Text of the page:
The Golden Age of Journalism

Don Short JournalistDon Short

Journalism has changed radically over the last 50 years. This is not news. The ‘Golden Age of Journalism’, so-called because of the thriving scope of newspapers and magazines and the associated ‘glamorous’ lifestyle of journalists in the 1960s, seems a world away from journalism today.

I interviewed Don Short, one of Fleet Street’s legendary journalists, to get a clearer perspective on the transformation of the profession.

Don Short worked as the Show Business Columnist on The Daily  Mirror in the 1960s. At the time, the Mirror had a circulation of over 5 million – more than all the other newspapers put together.

Not only did he have the chance to travel the world with Hollywood icons, but he was given carte-blanche to report on them. It was Short who coined the now ubiquitous term ‘Beatlemania’ to describe the excitement and hysteria that the band inspired among fans.

‘Journalism has entered a new age as everything is now on screen and online. When I was working as a reporter your main equipment was a notebook, your crucial contacts book, and a telephone kiosk if you could find one. It was always a matter of dashing to get to the telephone box first! You’d have copy-takers at the end of the phone in the office who would take your dictation as you told your story to them straight from your head as quickly as possible, while a queue of other journalists formed behind you urging you to hurry up. Of course now everyone has a mobile phone from which you can call or email so it’s much faster and more direct.’

‘The hours were quite different too: your shift might start at 9am and was set to go on until 6pm, but at 5.50pm you could be sent anywhere in the world to cover a breaking story. You could then be away for several days, so you always had to have an overnight bag ready.’

‘Fleet Street was a community in its own right, and had a fantastic atmosphere. Each paper had its own – unofficial – wine bar or pub.  So if you heard that a paper had a big exclusive and wanted to find out more, then you’d go to the relevant pub. The Daily Mirror’s was the White Hart (known as ‘the stab in the back’) and there would often be physical fights between journalists over stories!’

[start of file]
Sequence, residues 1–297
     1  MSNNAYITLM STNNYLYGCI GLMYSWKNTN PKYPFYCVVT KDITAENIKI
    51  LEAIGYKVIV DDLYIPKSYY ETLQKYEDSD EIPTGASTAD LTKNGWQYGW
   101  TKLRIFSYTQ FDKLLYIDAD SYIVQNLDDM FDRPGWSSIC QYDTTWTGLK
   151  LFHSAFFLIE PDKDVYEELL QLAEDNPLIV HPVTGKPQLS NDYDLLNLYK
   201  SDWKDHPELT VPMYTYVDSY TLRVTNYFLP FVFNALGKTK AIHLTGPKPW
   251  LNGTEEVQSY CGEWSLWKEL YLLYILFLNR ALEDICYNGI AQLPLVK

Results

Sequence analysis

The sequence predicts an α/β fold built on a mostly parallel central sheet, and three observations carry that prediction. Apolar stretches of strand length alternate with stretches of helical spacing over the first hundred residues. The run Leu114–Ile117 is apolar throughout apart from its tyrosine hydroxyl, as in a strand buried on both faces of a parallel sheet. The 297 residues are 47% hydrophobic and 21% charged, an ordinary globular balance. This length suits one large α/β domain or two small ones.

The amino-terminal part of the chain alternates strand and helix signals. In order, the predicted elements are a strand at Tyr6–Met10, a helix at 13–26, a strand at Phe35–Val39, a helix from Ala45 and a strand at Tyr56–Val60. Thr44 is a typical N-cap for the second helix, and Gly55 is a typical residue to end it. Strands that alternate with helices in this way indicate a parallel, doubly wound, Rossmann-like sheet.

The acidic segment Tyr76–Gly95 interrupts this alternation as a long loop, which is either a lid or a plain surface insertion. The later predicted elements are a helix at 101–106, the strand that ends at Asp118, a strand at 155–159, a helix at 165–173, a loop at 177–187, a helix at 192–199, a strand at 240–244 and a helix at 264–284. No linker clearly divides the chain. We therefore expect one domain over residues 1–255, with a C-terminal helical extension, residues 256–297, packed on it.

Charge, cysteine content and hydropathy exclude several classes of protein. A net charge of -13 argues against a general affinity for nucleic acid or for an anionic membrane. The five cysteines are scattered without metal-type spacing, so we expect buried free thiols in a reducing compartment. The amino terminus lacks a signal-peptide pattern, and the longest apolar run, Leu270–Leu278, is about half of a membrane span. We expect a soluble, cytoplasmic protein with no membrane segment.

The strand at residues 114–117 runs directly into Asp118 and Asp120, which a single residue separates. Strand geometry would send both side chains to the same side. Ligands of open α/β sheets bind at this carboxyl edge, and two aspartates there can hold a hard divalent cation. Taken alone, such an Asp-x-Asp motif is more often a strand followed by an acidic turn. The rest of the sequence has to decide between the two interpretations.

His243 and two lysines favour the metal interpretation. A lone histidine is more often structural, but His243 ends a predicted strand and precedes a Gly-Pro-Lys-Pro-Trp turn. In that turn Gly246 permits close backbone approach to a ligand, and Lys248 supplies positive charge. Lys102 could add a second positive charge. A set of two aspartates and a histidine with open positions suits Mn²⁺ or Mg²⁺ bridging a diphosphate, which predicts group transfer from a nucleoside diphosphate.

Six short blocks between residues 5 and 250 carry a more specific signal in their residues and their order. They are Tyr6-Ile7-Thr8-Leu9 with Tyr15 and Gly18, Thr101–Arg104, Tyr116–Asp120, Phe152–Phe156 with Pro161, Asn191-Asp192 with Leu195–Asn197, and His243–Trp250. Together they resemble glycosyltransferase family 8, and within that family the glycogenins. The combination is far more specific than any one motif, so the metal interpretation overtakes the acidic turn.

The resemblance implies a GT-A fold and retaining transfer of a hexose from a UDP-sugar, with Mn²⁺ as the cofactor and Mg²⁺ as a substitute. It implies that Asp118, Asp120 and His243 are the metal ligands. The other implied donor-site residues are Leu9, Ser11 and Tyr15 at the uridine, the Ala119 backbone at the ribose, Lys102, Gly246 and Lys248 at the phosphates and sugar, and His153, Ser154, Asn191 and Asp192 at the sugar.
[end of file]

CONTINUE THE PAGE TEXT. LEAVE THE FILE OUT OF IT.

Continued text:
The Golden Age of Journalism certainly seemed very glamorous indeed…

‘We always stayed in the best hotels with the stars, you had to do that otherwise you made yourself detached from the story. Although I once worked on a story about Elizabeth Taylor when she was in Paris, and she always stayed in the Lancaster Hotel, but I couldn’t get a room there at that time so I had to rough it and stay in the neighbouring Georges V hotel! [one of Paris’ most exclusive hotels] For the Cannes Film Festival I often stayed at the Carlton Hotel.  When I went to cover a story in New York I either stayed in The Plaza or the Waldorf Astoria. Another favourite was the Hotel Byblos Saint-Tropez.’

‘The Daily Mirror had two aeroplanes at Gatwick Airport on stand-by as part of a contract with Morton Air Services, which they could use as and when they needed them. One of which is now outside Croydon Airport on the Purley Way in Surrey. I had quite a few flights on that plane: I went to Austria to cover the story of a plane crash. I travelled with a photographer, whom I literally had to hold on to while he leaned out the plane door to take pictures of the scene below. And I also flew to Greece where a cruise liner had gone down.’

Showbiz Journalism is very different to how it used to be, partly because Hollywood has changed so much, as Don Short explains: